Digital Innovations In Agri Insurance

In recent years, it has been shown that when farmers insure against floods, pests, and other risks that affect their agricultural livelihoods, they can invest more confidently in their farms or in nonagricultural activities in areas like trade, education, or health.

There are about 1.5 billion individual farmers in developing countries and, from those, a recent study estimates that 198 million have some form of agricultural insurance coverage. Most of the insured (193 million) are concentrated in China and India.

Risk is an inherent feature of agriculture around the world, Agri insurance helps reduce these risks. Digital tools have made it easily accessible to farmers. Let us look at some of the Digital Innovations in the field of Agri Insurance:

  1. NABARD: National Bank For Agriculture & Rural Development is set up as an apex Development Bank by the Government of India with a mandate for facilitating credit flow for promotion and development of agriculture, cottage and village industries. They are experimenting with digitizing premium payments and claim payouts.
  2. Mobile Technology: The International Water Management Institute (IWMI) is launching a mobile app, called AgRISE, in support of a new national agricultural insurance scheme — Pradhan Mantri Fasal Bima Yojana (PMFBY). The scheme aims to provide more than half of Indian farmers with crop insurance within the next 2‐3 years. Relying on satellite and climate data, combined with field data on crop yields, AgRISE (Agricultural Remote Sensing‐based Insurance for Security and Equity) delivers a crop health card, which enables insurers and government agencies to estimate crop damage and overall insured losses quickly and reliably for all of India’s major crops. Based on the latest geospatial technology (Google Earth Engine and Open Data Kit for field data collection), the tool will strengthen the implementation of PMFBY, reducing costs and facilitating the whole process.
  3. Drone: DRONE (Dynamic Remotely Operated Navigation Equipment) technology that has caught the attention of large farmers, crop insurance stakeholders, and Government because it can provide ‘farm-specific’ information on crop condition, losses to farmers and in reaching the right kind of benefits to right people. With flying just at 150 m — 200 m above ground level, this makes it as one unique platform. The sensors that can be placed onboard on any of these three platforms (regular satellite, nano-satellites, and Drones) are largely the same and can provide comparable information with varying levels of details.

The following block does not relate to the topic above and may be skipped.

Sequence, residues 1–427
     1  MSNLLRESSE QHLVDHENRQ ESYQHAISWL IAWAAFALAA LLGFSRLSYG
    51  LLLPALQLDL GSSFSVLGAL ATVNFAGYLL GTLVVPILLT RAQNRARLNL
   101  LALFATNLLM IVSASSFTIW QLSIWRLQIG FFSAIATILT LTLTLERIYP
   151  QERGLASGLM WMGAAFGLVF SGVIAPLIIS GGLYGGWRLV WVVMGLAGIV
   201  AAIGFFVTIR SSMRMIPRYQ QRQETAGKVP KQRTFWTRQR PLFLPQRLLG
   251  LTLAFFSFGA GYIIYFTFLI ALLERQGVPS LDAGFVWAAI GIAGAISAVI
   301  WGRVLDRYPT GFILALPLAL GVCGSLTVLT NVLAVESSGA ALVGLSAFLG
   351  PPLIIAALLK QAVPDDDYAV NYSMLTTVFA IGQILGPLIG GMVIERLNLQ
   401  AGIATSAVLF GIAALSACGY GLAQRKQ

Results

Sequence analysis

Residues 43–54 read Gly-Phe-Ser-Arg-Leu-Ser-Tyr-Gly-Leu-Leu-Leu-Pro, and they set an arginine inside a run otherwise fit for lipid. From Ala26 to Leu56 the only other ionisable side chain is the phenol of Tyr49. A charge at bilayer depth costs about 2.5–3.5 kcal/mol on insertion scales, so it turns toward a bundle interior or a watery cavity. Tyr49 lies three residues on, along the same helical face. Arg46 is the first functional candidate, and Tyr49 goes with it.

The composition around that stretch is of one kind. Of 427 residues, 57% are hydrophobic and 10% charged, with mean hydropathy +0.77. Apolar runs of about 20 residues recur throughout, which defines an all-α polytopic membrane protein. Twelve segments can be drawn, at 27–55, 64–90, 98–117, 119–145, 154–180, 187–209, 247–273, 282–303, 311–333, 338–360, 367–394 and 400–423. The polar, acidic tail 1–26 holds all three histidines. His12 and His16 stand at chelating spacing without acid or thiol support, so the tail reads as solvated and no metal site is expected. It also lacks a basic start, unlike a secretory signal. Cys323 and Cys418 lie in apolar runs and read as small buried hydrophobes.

4. Satellite Technology: Satellite remote sensing is capturing information about different ground features while staying 400+ km above the ground. A variety of sensors can be placed on board wherein these satellites can gather information. These have proved to be very useful in getting a fairly accurate data on sowing trends, acreages of different crops, stress on crops during mid-season and area affected due to this, harvesting trends, yield and production estimates in a very short time, which otherwise takes months together in collating and compiling using traditional methods. There are more than 100 different satellites providing a range of parameters measured from satellite platforms, allowing high frequency of revisit and continuously improving spatial and spectral resolutions. It is now possible to address all loss assessment issues through effective use of these datasets right from prevented sowing to mid-season adversaries to yield estimation with more accuracy and efficiency.
    With the substantial population of about 118.7 million farmers and cultivators as well as 144.3 million agricultural laborers (Agriculture census -2010–11), the Indian economy is largely dependent on agriculture, which is considered as the most common occupation of rural Indian families and agrarian communities across the country.

In recent years, the erratic and unpredictable behavior of Monsoon,
accentuated by Climate Change has caused extensive financial losses in terms of crop failures, damage to agricultural infrastructures, loss of lives and properties, etc. due to natural and manmade disasters and destruction to environment and farmlands.

In order to combat this challenge, there is a need to adopt a strategy that may provide a comprehensive solution to farming communities for safeguarding their agricultural productivity. Agricultural or Agri Insurance is one such area that is gaining momentum in the country.

[Originally published at ]



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